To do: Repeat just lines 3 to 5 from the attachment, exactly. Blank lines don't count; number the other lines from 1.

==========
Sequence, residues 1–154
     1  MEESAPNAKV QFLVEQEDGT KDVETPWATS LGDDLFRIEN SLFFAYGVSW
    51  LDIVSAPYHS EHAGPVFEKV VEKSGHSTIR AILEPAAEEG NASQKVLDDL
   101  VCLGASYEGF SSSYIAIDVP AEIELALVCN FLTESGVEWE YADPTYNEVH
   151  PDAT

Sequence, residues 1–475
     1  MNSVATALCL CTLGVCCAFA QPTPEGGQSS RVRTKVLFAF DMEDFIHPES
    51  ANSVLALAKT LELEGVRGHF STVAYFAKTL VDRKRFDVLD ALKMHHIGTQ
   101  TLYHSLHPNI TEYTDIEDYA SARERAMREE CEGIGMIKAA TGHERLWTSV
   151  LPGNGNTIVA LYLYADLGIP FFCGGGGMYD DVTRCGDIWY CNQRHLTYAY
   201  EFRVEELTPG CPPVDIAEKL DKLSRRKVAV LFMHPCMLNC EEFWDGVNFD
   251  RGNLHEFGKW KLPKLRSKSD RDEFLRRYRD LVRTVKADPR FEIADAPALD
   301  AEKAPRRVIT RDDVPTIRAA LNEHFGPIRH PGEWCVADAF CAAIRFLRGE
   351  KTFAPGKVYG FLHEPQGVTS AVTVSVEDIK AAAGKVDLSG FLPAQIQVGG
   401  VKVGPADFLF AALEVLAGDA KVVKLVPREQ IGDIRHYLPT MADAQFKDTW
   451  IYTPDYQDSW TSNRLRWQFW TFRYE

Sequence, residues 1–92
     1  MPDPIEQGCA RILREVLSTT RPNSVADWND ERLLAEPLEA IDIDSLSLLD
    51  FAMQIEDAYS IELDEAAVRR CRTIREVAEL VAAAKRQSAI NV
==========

    51  LDIVSAPYHS EHAGPVFEKV VEKSGHSTIR AILEPAAEEG NASQKVLDDL
   101  VCLGASYEGF SSSYIAIDVP AEIELALVCN FLTESGVEWE YADPTYNEVH
   151  PDAT